On this day in 1974, former state Sen. Coleman A. Young of 278 East Forest St. is sworn in as the Motor City’s first African-American mayor.
During his inaugural address, he puts crooks and criminals on notice:
I recognize the economic problem as a basic one, but there is also a problem of crime, which is not unrelated to poverty and unemployment, and so I say that we must attack both of these problems vigorously at the same time. The Police Department alone cannot rid this city of crime. The police must have the respect and cooperation of our citizens. But they must earn that respect by extending to our citizens cooperation and respect. We must build a people-oriented Police Department, and then you and they can help us to drive the criminals from the streets.
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I issue a forward warning now to all dope pushers, to all rip-off artists, to all muggers: It’s time to leave Detroit; hit Eight Mile Road. And I don’t give a damn if they are black or white, of if they wear Superfly suits or blue uniforms with silver badges: Hit the road. With your help, we shall move forward to a new and greater Detroit.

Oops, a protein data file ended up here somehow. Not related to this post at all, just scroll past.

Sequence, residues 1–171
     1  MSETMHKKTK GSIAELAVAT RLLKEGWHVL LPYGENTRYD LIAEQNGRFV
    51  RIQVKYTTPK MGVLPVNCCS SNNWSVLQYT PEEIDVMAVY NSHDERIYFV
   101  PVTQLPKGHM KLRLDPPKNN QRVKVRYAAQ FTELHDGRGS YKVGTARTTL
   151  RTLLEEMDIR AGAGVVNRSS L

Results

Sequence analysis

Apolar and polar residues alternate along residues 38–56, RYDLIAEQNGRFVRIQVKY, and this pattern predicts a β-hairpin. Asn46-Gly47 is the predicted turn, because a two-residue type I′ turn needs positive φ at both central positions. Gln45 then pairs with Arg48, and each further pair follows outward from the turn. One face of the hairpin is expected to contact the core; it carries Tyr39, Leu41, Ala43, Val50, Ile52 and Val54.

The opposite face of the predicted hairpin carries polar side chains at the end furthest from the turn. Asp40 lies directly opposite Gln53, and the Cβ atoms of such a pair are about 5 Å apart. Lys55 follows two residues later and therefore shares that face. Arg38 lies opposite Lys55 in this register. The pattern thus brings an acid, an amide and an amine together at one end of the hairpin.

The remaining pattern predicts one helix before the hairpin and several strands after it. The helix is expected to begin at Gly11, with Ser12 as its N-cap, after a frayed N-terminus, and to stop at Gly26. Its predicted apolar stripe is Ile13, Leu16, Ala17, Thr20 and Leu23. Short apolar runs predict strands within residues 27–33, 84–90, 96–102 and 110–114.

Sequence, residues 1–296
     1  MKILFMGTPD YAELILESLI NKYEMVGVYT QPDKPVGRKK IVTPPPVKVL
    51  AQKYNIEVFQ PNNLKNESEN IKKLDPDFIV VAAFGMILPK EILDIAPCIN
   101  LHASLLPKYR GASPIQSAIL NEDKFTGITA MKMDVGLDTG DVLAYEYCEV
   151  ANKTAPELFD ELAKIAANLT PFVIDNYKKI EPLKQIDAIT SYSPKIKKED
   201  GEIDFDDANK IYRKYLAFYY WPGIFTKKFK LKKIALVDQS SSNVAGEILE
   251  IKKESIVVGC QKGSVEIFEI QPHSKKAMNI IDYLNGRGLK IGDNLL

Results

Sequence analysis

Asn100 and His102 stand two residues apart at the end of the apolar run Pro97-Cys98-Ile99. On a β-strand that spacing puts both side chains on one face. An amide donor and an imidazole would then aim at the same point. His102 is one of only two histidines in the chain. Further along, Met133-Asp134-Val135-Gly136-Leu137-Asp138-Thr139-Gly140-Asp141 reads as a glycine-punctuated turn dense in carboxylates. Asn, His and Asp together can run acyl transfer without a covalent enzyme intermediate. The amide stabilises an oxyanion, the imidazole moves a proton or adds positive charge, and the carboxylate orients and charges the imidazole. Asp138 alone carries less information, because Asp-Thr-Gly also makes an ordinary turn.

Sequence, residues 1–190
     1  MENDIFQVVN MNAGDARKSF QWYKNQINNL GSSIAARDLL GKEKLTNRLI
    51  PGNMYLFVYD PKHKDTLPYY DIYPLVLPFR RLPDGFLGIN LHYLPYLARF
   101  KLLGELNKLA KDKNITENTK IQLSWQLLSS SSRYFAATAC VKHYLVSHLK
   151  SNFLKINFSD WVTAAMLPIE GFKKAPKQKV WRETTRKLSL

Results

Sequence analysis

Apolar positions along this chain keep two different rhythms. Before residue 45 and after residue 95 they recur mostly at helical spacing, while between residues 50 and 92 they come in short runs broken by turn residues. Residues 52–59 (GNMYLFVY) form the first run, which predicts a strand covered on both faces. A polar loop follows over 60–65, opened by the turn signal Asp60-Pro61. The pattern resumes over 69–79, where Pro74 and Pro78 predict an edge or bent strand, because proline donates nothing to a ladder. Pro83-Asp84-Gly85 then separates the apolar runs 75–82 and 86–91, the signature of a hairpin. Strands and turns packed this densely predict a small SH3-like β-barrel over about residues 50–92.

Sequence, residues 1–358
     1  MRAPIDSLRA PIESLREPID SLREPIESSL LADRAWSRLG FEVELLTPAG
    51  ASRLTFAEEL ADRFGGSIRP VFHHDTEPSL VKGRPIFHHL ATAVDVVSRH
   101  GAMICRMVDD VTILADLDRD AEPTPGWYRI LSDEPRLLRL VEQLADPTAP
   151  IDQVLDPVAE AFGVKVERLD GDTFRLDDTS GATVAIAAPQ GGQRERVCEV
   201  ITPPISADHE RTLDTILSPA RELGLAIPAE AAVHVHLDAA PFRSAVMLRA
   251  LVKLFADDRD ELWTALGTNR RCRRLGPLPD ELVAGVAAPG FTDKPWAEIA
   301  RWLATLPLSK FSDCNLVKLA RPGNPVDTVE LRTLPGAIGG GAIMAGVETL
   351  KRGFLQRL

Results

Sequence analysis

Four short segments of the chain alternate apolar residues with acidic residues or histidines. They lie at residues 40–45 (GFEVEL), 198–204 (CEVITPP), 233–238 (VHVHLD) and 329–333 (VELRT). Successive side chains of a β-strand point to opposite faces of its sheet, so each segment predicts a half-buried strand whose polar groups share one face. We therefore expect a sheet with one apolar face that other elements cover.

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We must first believe in ourselves. We must first do for ourselves. Yes, we will demand our share of revenue from Washington and from Lansing, but the job begins here and now with us.
Ladies and gentlemen, the time for rhetoric is past – the time for working is here, the time for moving ahead is upon us. Let’s move forward together.
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Ken Coleman, the author of On this Day: African-American Life in Detroit, is a native Detroiter and former news reporter. He served on the Detroit Charter Revision Commission. He lives in Detroit with his wife, Kim Trent, and their son, Jackson Coleman.